The benefits of living with indoor plants
Plants in the home have been very trendy the past few years, from delicate air plants commonly hung in glass orbs to the incredibly lush foliage walls. Regardless of intent, some form of greenery is something everyone should have in their living space due to the myriad of health benefits.
The mental and physical benefits of having house plants have long been proven scientifically. Studies show that just a single plant can decrease stress, improve memory and sharpen your focus. According to one study, published in the Journal of Environmental Psychology, participants surrounded by foliage actually had improved cognitive function throughout the day. Another study showed that patients with plants in their hospital room had lower blood pressure and a more positive outlook than those without. Horticulture therapy is also commonly used to relieve anxiety and depression.
In addition, houseplants are nature’s humidifiers, cleaning the air by ridding it of contaminants and releasing oxygen. NASA has the research to back this up. According to their “Clean Air Study,” initially conducted as a means of cleaning the air in their space stations, NASA found that, “both plant leaves and roots are utilized in removing trace levels of toxic vapors from inside tightly sealed buildings. Low levels of chemicals such as carbon monoxide and formaldehyde can be removed from indoor environments by plant leaves alone.” Aloe vera, spider plants, bamboo palms and peace lilies are among the best for cleaning your air. This can lead to fewer colds, allergies and even a better night’s rest.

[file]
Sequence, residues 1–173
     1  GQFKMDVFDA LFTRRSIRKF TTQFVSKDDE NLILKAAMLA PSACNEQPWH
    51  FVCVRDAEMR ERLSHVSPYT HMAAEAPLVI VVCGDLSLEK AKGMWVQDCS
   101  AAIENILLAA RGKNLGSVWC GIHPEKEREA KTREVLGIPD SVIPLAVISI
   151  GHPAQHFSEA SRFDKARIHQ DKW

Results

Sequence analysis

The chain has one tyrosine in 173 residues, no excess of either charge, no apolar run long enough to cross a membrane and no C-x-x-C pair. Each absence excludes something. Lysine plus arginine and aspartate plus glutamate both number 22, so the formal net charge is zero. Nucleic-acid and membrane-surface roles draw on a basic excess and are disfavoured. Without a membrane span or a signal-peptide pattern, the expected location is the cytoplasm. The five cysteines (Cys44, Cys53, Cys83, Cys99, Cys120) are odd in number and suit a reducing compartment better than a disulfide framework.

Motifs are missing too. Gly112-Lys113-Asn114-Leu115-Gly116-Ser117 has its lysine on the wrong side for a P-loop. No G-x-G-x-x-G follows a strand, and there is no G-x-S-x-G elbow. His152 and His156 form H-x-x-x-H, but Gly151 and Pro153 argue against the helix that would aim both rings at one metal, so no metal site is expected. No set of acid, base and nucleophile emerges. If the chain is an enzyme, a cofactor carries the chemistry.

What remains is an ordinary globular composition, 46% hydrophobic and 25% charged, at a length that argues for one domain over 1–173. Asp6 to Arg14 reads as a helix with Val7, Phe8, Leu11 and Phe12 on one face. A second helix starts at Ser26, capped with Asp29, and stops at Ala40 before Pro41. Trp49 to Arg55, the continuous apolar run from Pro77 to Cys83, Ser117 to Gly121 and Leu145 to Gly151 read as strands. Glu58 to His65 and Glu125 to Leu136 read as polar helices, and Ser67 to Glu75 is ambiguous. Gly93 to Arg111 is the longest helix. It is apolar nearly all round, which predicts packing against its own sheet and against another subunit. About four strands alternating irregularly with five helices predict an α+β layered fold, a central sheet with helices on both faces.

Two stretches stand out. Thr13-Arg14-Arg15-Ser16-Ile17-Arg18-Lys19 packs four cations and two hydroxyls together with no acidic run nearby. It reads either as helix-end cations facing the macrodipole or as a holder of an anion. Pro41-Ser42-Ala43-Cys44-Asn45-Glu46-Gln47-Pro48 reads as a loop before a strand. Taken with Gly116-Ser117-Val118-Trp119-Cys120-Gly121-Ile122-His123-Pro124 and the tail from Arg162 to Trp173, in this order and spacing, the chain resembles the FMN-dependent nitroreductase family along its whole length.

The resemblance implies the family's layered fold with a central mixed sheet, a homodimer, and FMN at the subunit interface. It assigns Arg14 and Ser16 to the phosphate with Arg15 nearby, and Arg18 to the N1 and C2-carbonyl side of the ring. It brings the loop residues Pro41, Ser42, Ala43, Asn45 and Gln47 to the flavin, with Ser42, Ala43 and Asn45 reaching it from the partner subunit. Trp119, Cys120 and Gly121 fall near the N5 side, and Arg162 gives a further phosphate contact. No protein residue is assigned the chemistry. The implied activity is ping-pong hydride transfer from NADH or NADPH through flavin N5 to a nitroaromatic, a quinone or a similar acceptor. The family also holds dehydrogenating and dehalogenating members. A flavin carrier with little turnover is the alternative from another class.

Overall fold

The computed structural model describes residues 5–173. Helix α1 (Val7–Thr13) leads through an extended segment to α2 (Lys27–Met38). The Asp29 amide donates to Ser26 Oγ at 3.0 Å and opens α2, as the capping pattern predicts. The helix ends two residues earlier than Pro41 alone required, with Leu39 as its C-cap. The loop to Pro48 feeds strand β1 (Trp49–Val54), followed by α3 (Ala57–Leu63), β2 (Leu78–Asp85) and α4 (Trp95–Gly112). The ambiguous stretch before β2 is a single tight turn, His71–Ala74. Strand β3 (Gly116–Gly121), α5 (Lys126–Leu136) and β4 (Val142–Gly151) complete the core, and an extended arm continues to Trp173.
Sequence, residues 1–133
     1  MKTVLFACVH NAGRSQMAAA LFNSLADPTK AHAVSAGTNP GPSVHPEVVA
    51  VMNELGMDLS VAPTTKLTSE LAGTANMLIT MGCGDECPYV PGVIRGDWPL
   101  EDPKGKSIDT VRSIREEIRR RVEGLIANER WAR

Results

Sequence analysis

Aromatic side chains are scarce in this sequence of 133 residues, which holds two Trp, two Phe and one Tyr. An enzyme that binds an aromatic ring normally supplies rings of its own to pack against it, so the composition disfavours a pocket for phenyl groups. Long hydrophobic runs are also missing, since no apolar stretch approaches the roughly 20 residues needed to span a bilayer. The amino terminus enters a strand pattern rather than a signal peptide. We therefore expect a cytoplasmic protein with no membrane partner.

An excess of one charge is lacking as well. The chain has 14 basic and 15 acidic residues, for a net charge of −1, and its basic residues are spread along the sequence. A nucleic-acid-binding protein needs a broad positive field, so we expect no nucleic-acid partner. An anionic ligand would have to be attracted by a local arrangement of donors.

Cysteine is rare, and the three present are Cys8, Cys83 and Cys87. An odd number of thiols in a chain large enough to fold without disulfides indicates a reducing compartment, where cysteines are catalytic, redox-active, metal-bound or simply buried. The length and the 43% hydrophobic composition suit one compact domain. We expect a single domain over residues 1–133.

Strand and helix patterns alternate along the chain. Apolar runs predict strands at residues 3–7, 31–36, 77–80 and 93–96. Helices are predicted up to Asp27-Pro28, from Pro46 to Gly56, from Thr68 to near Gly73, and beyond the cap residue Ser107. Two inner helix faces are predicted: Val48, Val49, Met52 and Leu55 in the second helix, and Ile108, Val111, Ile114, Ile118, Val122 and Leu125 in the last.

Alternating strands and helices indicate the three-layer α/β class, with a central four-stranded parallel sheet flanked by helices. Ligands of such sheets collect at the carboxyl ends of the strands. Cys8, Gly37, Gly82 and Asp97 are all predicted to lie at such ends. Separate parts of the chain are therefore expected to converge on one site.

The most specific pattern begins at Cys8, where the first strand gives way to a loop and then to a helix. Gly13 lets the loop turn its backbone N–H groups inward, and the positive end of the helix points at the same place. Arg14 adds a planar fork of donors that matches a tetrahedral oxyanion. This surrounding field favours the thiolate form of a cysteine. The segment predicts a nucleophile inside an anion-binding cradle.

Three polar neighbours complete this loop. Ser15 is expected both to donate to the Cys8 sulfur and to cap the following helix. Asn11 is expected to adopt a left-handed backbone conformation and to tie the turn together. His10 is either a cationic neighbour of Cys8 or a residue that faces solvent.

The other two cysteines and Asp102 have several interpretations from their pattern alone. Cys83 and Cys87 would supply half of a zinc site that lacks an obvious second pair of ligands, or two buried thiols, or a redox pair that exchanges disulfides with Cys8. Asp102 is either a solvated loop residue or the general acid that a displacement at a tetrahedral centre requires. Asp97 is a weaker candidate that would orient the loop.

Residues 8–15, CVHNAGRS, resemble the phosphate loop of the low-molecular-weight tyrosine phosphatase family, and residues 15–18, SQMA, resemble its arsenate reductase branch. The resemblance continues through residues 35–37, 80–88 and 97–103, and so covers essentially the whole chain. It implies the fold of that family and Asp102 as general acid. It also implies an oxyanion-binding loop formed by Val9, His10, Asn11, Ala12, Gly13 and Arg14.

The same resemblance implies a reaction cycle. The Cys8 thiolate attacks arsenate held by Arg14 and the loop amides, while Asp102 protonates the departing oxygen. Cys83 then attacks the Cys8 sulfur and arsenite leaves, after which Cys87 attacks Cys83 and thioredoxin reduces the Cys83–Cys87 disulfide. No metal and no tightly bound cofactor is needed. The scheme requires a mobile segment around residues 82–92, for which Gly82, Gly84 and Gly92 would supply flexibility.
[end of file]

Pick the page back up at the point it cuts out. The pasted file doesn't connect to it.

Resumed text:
Plants such as aloe vera can also be used to treat burns by tearing off just a small part of the plant, making it an extremely versatile and enticing addition to your space. If color is what you crave, chromatic indoor plant options include orchids, which come in a seemingly infinite number of hues since they can be artificially colored. Flowering cacti and african violets are nice options as well.
If you have a poorly lit dorm or apartment, there are still plenty of hardy plants that can thrive in such conditions. Consider making a moss terrarium or growing mint, which can thrive in low light while also perfuming your space with a scent commonly thought to boost mental awareness. Another option would be to simply point a lamp equipped with a cheap grow light bulb in the direction of your plants, allowing them to grow anywhere instead of the standard windowsill.
If keeping a plant alive is too much of a hassle, a realistic fake plant, or even pictures of plants would look just as good while still providing the mental health benefits. Get yourself a plant friend today!